Learning how to budget is an ongoing process but is an essential part if you want to set you and your family up for success. I have been budgeting since 2011 when I got married while in college. Getting married while I was still in school seemed like a great idea at the time, and though I don't regret it, we definitely struggled financially in the first years compared to my friends who waited until they both had stable jobs.
To clarify, we struggled with income, but we did not struggle with increasing our debt. The reason being was because we created and stuck to a budget.
Though our budget has changed through the years as our income has increased, our methods for staying out of debt have not. Going into a new year, we wanted to equip you with tools to budget your finances so you can experience a positive 2017, and you will have more wiggle room for adventure instead of wondering where your money has gone at the end of the month.
The infographic below talks about being financially fit and the effort that this type of fitness requires.
One of the first things to decide is how you want to budget your money. Are you paid monthly, bi-weekly, or given a salary with an additional commission? Plan a budget that fits the time you receive payments. For example, my husband is the main breadwinner, so our timeline for our budget begins every two weeks.
Next, you need to organize your bills by recurring and non-recurring payments. Write down when a recurring payment is due and the amount of each one. For the non-recurring payments, write down an average of what you spend (groceries, toiletries, clothing, gas, home and car maintenance etc.). Be realistic.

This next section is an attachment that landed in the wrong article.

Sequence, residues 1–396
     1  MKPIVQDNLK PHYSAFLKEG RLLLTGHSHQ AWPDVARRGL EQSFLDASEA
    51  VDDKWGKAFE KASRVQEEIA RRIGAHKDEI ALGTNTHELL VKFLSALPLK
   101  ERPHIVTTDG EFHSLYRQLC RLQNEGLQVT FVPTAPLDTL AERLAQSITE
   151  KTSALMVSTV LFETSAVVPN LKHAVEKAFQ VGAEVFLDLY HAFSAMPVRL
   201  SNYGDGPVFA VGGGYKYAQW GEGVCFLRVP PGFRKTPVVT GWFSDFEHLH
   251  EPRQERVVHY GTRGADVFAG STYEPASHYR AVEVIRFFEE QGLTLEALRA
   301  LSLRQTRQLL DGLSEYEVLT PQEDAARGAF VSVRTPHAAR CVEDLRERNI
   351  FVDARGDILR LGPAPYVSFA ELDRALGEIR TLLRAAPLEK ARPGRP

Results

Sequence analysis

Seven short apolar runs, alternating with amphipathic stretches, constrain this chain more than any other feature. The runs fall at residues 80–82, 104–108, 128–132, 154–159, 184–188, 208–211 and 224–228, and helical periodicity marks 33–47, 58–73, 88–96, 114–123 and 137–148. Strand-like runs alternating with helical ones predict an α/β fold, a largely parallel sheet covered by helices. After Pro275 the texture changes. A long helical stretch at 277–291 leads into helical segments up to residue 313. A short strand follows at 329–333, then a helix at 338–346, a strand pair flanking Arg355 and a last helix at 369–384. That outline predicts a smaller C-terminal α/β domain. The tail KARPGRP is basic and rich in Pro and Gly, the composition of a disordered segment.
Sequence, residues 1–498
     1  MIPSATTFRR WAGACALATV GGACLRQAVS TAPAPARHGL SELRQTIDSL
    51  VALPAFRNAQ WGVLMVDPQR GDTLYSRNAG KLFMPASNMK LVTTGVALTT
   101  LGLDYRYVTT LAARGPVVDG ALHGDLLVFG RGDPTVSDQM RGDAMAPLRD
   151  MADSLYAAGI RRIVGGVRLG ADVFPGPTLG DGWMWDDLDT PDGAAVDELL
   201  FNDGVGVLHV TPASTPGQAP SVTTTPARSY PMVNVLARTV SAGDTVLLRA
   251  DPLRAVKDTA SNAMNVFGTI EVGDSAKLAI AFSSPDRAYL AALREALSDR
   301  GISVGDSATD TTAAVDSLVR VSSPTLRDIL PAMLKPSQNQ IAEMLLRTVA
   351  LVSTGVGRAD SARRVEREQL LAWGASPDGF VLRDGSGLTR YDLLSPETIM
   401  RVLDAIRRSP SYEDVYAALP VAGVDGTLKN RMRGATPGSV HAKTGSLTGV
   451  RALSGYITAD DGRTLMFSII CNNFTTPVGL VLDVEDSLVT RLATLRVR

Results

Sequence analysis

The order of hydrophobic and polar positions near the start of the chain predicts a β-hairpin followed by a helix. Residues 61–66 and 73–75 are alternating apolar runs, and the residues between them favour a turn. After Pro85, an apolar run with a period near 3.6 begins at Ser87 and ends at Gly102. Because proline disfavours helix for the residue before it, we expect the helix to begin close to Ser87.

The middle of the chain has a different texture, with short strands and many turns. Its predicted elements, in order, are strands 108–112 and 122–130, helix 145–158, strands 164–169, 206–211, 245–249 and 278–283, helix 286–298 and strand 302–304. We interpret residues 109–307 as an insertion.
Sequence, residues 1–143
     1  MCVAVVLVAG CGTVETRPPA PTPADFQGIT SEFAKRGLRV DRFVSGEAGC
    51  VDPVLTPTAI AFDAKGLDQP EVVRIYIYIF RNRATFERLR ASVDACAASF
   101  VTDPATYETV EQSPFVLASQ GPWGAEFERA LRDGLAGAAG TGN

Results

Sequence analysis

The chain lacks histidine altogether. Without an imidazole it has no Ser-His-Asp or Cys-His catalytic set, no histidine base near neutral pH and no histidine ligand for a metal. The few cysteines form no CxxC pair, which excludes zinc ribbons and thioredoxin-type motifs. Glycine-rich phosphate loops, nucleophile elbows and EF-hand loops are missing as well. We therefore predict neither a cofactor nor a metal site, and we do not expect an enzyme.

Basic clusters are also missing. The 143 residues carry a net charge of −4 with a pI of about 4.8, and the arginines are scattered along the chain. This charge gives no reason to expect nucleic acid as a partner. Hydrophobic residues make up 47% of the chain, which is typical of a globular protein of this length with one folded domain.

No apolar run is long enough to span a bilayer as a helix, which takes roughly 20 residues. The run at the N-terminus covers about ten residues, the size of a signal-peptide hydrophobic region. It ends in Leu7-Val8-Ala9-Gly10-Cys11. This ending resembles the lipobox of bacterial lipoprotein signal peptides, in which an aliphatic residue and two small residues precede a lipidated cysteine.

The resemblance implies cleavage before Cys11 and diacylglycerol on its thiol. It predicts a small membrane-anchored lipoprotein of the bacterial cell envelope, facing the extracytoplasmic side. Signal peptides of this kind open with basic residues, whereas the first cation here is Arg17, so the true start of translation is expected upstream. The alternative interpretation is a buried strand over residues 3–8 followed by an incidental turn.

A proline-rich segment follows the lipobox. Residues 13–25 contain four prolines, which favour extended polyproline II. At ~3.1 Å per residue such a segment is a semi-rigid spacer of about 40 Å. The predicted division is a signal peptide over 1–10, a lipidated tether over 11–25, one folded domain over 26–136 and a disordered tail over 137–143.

The biggest tool that has helped us stay on track financially is the use of cash in an envelope system. Financial Expert Dave Ramsey recommends the envelope system so you can visually see your money and take what you need from the correct category instead of a large pot. We label our envelopes and place the amount of money inside according to our needs. It may take a month or two to get an idea how much each envelope realistically needs without reaching into your bank account for more, but you'll eventually figure out what amount works best.
The video below explains more about the recommended envelope system:
After creating a budget, we want to encourage you to start saving for an emergency fund. Things happen that you can't plan for, so saving three months salary will be key to relieve stress this year when unexpected payments arise!
If you find yourself with money left over after budgeting and saving for your emergency fund, create envelopes to help you save for trips, down payments, or a luxury item.
There are many tools out there to help you get started, so check out the recommended tools below, and start your 2017 budget right away!
Best Budgeting Resources:
Tell us in the comments how you plan to take control over your money this year instead of letting your money control you!
Amanda is a wife, mother, writer, and certified life coach. Pen and paper make her spirit come alive. She spends her creative time reading, decorating, and handwriting fonts. Her world is better with an assortment of chocolate and a stack of books packed and ready for travel. She is a writer for Downs Ups & Teacups. When she’s not writing, she’s planning outdoor adventures with her husband and two children. She believes life feels best when it’s truly lived!